3 Ways To Deal With The Manager With The Short Fuse

Throughout my career, I’ve spent a great deal of time studying the characteristics that make a great leader.

Research has shown time and time again that individuals who are authentic, outgoing, effective at communicating their goals, and mindful of the needs of their followers.

While it is important to discuss the positive characteristics that make a great leader, I believe we also need to take the time to address the hazards of negative leadership.

As bad as dealing with a laissez-faire or absentee boss can be, the negative leadership style that has the greatest impact on employee success is the angry boss.

While it is perfectly normal for individuals to get angry now and then, having a boss who flies off the handle at the slightest trigger can be stressful to say the least.

These bosses create a toxic work climate that decreases productivity and increases absenteeism, burnout, and turnover.

The first step in dealing with an angry boss is to identify their anger style. For the majority of angry bosses, their antics start with a desire to be perceived as a top commander in the workplace.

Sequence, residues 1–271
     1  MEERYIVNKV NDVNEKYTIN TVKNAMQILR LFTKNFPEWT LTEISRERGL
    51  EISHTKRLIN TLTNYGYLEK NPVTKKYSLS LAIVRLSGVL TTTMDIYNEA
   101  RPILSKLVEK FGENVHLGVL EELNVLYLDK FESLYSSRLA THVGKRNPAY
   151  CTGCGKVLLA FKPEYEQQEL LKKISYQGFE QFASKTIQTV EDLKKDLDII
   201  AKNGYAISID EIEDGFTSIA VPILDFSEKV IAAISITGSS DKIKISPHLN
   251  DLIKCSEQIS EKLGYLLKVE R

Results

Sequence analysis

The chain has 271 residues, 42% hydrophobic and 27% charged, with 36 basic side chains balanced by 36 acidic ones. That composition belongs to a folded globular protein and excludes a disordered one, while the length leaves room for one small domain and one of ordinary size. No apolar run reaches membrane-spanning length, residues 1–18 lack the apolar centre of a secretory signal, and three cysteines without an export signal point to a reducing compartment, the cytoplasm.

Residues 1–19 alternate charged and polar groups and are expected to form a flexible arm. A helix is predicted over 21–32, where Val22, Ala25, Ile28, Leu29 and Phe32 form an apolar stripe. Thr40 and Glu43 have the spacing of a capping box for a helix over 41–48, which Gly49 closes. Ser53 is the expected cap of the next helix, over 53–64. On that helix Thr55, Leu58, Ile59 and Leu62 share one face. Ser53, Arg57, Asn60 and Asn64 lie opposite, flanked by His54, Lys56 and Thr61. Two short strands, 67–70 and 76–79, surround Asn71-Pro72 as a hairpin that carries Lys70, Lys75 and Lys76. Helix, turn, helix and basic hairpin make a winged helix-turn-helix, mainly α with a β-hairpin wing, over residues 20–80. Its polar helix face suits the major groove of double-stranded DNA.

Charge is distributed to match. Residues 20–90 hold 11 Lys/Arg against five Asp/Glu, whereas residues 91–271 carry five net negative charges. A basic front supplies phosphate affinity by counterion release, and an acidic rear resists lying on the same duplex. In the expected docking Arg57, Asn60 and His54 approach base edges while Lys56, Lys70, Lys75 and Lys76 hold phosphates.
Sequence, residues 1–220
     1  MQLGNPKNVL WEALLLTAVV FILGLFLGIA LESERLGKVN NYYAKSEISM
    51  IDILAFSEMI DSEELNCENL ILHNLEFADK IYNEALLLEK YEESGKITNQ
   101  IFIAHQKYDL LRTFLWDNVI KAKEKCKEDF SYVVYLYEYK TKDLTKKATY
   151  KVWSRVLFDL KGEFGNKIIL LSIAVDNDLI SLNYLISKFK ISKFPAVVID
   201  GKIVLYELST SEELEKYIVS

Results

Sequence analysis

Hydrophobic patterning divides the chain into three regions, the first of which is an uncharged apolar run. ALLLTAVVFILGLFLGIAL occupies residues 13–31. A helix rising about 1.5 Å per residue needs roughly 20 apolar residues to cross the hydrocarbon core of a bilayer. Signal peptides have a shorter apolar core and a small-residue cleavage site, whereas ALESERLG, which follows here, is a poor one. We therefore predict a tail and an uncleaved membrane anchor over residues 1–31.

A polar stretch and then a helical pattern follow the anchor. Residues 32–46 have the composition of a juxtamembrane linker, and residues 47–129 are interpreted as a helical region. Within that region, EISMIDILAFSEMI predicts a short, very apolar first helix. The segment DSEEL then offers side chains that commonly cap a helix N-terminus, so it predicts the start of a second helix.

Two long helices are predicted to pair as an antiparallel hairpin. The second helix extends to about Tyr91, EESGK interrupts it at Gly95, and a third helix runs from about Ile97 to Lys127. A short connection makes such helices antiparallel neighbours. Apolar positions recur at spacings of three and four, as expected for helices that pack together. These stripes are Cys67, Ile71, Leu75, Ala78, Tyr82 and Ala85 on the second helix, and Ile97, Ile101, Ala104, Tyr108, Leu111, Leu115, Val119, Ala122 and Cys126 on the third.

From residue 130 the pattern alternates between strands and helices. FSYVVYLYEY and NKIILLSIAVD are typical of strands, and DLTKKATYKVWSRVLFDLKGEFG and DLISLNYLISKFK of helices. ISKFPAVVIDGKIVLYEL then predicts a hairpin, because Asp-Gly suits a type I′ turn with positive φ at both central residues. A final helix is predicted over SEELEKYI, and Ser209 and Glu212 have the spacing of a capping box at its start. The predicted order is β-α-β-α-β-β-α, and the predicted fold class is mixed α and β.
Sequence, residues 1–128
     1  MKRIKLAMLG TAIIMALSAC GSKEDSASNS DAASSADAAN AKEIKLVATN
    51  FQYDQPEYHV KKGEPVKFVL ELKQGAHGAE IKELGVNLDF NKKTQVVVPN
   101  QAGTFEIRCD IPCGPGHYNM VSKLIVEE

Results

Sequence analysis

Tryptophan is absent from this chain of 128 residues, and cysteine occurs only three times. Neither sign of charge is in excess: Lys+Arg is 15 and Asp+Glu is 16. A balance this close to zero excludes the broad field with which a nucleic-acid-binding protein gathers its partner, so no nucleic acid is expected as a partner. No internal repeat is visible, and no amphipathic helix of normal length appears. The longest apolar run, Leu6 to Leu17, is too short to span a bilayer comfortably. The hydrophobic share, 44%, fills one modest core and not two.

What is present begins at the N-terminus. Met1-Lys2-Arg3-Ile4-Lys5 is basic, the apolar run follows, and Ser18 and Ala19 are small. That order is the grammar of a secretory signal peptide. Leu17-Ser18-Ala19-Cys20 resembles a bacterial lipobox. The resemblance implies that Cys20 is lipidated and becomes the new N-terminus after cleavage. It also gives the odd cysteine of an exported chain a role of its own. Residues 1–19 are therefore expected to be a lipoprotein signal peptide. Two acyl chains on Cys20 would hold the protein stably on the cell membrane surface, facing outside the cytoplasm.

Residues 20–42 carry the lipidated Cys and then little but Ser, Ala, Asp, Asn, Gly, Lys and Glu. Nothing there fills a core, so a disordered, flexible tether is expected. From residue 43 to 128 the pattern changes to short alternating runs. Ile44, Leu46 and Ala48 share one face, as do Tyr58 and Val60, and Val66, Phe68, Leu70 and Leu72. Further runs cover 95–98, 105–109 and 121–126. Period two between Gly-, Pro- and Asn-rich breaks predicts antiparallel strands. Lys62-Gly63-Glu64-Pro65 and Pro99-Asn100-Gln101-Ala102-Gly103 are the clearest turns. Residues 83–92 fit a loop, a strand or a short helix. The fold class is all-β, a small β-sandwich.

However, the means they use to they go about attempting to validate their position can have a significant impact on both the climate of the office and the techniques needed to handle their angry tirades and redirect them toward a positive leadership style.

The most common type of angry boss is the individual who is just chronically in a bad mood. These bosses bark orders and snap heads off, which rapidly tanks productivity and morale in the office.

Unfortunately, as tempting as it may be to snap back, this strategy will likely only increase their anger.

Employees dealing with these chronic grumps may avoid seeking guidance out of fear of becoming the target of today’s anger, or may be denied assistance outright. In these cases, employees are likely to continue to work on equipment using poor or even downright unsafe methods, leading to increases in accidents and injuries in the workplace.

The second type of angry boss seen frequently is the aggressive and defensive micro-manager who wants to be consulted on even the minutest decisions.

These bosses pitch ‘hissy-fits’ if their employees don’t complete tasks exactly as instructed, even if the final products of the two methods are indistinguishable.

These bosses are the most dangerous when their meticulously detailed instructions distract employees, or when they insist that work is completed in a manner that sidesteps safety regulations.

Finally, the hardest type of angry boss to handle is the one who piles on unachievable demands and then explodes when their employees are unable to meet their expectations.

Telling these bosses that you cannot complete their tasks in the moment is likely to lead to extreme verbal abuse, attempts to manipulate the employee into committing to the demands anyway, or even outright threats of firing should their requests not be met.